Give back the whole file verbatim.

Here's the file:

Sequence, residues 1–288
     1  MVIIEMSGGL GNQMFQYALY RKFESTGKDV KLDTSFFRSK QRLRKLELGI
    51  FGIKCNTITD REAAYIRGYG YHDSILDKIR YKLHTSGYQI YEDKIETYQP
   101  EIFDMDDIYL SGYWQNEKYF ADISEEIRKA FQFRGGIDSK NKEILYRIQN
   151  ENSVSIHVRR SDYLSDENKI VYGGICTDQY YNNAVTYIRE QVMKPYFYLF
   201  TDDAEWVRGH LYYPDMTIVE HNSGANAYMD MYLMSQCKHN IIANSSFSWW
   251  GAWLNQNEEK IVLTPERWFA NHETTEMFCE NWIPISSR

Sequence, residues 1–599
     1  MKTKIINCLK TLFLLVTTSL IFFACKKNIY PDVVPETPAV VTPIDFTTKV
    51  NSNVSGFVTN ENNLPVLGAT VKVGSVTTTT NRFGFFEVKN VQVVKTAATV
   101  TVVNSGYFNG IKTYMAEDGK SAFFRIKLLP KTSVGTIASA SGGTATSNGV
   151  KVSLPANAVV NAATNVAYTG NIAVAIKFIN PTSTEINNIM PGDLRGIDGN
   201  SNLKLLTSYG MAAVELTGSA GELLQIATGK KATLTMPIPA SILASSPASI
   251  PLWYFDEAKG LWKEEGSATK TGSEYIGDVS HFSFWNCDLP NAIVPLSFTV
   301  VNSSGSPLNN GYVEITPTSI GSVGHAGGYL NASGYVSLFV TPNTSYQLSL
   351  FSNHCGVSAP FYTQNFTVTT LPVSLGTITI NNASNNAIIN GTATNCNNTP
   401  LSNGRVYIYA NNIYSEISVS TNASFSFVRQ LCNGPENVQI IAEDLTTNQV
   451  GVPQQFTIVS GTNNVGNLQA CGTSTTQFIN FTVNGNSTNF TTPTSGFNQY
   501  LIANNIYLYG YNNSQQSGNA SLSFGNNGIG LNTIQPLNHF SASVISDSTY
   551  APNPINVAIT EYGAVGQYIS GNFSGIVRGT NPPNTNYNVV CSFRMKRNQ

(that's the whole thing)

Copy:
Sequence, residues 1–288
     1  MVIIEMSGGL GNQMFQYALY RKFESTGKDV KLDTSFFRSK QRLRKLELGI
    51  FGIKCNTITD REAAYIRGYG YHDSILDKIR YKLHTSGYQI YEDKIETYQP
   101  EIFDMDDIYL SGYWQNEKYF ADISEEIRKA FQFRGGIDSK NKEILYRIQN
   151  ENSVSIHVRR SDYLSDENKI VYGGICTDQY YNNAVTYIRE QVMKPYFYLF
   201  TDDAEWVRGH LYYPDMTIVE HNSGANAYMD MYLMSQCKHN IIANSSFSWW
   251  GAWLNQNEEK IVLTPERWFA NHETTEMFCE NWIPISSR

Sequence, residues 1–599
     1  MKTKIINCLK TLFLLVTTSL IFFACKKNIY PDVVPETPAV VTPIDFTTKV
    51  NSNVSGFVTN ENNLPVLGAT VKVGSVTTTT NRFGFFEVKN VQVVKTAATV
   101  TVVNSGYFNG IKTYMAEDGK SAFFRIKLLP KTSVGTIASA SGGTATSNGV
   151  KVSLPANAVV NAATNVAYTG NIAVAIKFIN PTSTEINNIM PGDLRGIDGN
   201  SNLKLLTSYG MAAVELTGSA GELLQIATGK KATLTMPIPA SILASSPASI
   251  PLWYFDEAKG LWKEEGSATK TGSEYIGDVS HFSFWNCDLP NAIVPLSFTV
   301  VNSSGSPLNN GYVEITPTSI GSVGHAGGYL NASGYVSLFV TPNTSYQLSL
   351  FSNHCGVSAP FYTQNFTVTT LPVSLGTITI NNASNNAIIN GTATNCNNTP
   401  LSNGRVYIYA NNIYSEISVS TNASFSFVRQ LCNGPENVQI IAEDLTTNQV
   451  GVPQQFTIVS GTNNVGNLQA CGTSTTQFIN FTVNGNSTNF TTPTSGFNQY
   501  LIANNIYLYG YNNSQQSGNA SLSFGNNGIG LNTIQPLNHF SASVISDSTY
   551  APNPINVAIT EYGAVGQYIS GNFSGIVRGT NPPNTNYNVV CSFRMKRNQ